School redistricting linked to spikes in shooting-related injuries in urban areas

Adjustments in school boundaries and other forms of school redistricting have been linked to spikes in shooting-related injuries in urban areas, according to new study results being presented at the American College of Surgeons (ACS) Clinical Congress 2023.

Sarabeth Spitzer, MD, MPH, a general surgery resident at Brigham and Women’s Hospital in Boston, presented the study results looking at school redistricting data, firearm injury incident data, and community-level sociodemographic data for 63,000 urban census tracts on a year-to-year basis from 2014 through the 2019-2020 school year. The study used data from the National Center for Education Statistics, Gun Violence Archive, and the American Community Survey.

Key findings

  • Among the studied census tracts, 5,665, or 1.5% of all tracts, had some type of school redistricting event.
  • After adjusting for community characteristics, such as sociodemographic data, any school redistricting was associated with a 10.6% higher firearm incidence rate compared to communities that did not redistrict schools.
  • School boundary adjustments specifically were associated with a 21.3% increase in firearm injury incidence rate.

Observations on study results

While the evidence linking social disruptions and community violence has been well vetted, this is the first study looking at school redistricting specifically, Dr. Spitzer said. Along with the existing evidence surrounding social disruptions, anecdotal evidence from teachers reporting that they noticed a spike in violence in the process of school redistricting provided rationale for the study, she said.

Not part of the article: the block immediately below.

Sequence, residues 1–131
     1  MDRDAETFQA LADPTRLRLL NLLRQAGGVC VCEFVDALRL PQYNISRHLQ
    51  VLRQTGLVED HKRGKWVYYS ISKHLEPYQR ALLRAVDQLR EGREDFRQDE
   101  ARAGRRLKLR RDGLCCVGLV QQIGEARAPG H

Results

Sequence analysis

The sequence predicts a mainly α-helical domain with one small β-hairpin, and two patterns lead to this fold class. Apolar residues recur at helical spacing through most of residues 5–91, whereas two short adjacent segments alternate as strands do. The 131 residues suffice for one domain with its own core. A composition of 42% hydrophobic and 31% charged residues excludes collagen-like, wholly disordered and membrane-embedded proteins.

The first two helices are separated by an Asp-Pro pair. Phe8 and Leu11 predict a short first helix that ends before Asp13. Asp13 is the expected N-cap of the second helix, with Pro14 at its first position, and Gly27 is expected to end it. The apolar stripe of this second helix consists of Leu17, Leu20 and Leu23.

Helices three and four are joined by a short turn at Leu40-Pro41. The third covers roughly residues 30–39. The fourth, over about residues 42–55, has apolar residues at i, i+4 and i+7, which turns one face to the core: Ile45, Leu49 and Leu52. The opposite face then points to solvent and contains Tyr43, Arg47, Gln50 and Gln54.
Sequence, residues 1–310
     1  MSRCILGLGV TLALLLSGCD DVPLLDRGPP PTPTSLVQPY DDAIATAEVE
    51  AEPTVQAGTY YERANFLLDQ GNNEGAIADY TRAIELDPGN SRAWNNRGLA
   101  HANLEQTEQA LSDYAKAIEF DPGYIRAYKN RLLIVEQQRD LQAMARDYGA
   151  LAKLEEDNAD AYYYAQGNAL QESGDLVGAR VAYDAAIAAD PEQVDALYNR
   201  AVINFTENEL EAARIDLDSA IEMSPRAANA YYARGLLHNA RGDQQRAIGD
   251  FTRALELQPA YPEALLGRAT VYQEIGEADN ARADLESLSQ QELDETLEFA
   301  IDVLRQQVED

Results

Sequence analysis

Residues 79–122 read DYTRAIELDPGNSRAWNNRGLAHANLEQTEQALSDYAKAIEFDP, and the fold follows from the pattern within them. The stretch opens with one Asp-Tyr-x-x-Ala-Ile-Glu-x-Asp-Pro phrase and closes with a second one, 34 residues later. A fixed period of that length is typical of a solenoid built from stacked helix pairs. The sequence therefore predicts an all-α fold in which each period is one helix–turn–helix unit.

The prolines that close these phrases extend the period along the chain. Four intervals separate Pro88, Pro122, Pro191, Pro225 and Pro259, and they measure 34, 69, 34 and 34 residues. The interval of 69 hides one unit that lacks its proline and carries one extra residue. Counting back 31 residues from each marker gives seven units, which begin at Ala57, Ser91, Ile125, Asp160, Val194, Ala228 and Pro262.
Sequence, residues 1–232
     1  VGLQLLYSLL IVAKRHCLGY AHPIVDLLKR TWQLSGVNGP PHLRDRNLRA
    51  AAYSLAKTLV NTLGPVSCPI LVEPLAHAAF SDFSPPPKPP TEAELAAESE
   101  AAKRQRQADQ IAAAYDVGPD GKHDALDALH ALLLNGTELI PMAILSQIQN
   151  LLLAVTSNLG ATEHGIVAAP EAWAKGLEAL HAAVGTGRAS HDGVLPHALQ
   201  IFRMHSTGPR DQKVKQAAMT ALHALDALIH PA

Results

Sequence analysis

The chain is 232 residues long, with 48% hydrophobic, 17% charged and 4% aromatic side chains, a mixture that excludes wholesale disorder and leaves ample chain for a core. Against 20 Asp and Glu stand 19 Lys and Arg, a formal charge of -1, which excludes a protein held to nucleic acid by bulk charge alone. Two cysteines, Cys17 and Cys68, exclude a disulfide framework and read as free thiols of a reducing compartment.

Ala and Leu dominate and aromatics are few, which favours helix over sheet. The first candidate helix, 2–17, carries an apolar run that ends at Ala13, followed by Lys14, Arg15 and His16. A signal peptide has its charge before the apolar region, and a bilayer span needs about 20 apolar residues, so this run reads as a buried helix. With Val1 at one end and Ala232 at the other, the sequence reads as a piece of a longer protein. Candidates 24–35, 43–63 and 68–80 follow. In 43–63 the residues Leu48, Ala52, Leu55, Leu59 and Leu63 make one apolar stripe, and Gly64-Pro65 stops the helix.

Dr. Spitzer explained how the study defined school redistricting: “School redistricting, at its most basic level, is when there are changes to where kids go to school based on their home address,” she said. “This happens for various reasons, often due to resource distribution in a community.”

Different types of redistricting exist, which the study doesn’t specify, but they include combining or rearranging school districts and changing boundaries.

Only a few kids are affected, but the resulting impact is that there is social destabilization in some way because, as everyone who has attended middle school and high school knows, you get to know the community that you’re a part of and there are social hierarchies that exist and a known quantity of the people in your area. When you have this shuffling of school districts, it means that there are new social interactions and new hierarchies that need to be formed. And you have a disruption as a result of that.”

Sarabeth Spitzer, MD, MPH, general surgery resident at Brigham and Women’s Hospital

These disruptions not only impact children, but parents, as well, who may have to change work routines, and neighbors that families might rely on to watch out for their children, she said.

The study compared firearm incidents in census tracts for the year a school redistricting event occurred compared with the prior year. “We saw that in the year with a redistricting event, there was a 14% increase in firearm violence compared to the year prior,” Dr. Spitzer said.

This means policymakers could target resources, such as sending in counselors and expanding training in the ACS STOP THE BLEED® program, to address firearm violence in areas that undergo school redistricting, she added. The ACS STOP THE BLEED® program provides training to anyone to save a life in a bleeding emergency. It has trained more than 3 million people. The ACS operates the program under a license granted by the Department of Defense.

Dr. Spitzer acknowledged the study data predate the COVID-19 pandemic. “We would love to have more recent data, but, if anything, what we saw in the pandemic was a huge spike in firearm violence,” she said. “We think that part of that is actually due to social destabilization.” Future research, hopefully, would draw on more recent data to investigate the relationship between school redistricting and firearm violence post-pandemic, she said.

Study coauthors are Tanujit Dey, PhD; Ali Salim, MD, FACS; and Molly P. Jarman, PhD; of Brigham and Women’s Hospital.


American College of Surgeons

Originally Posted Here

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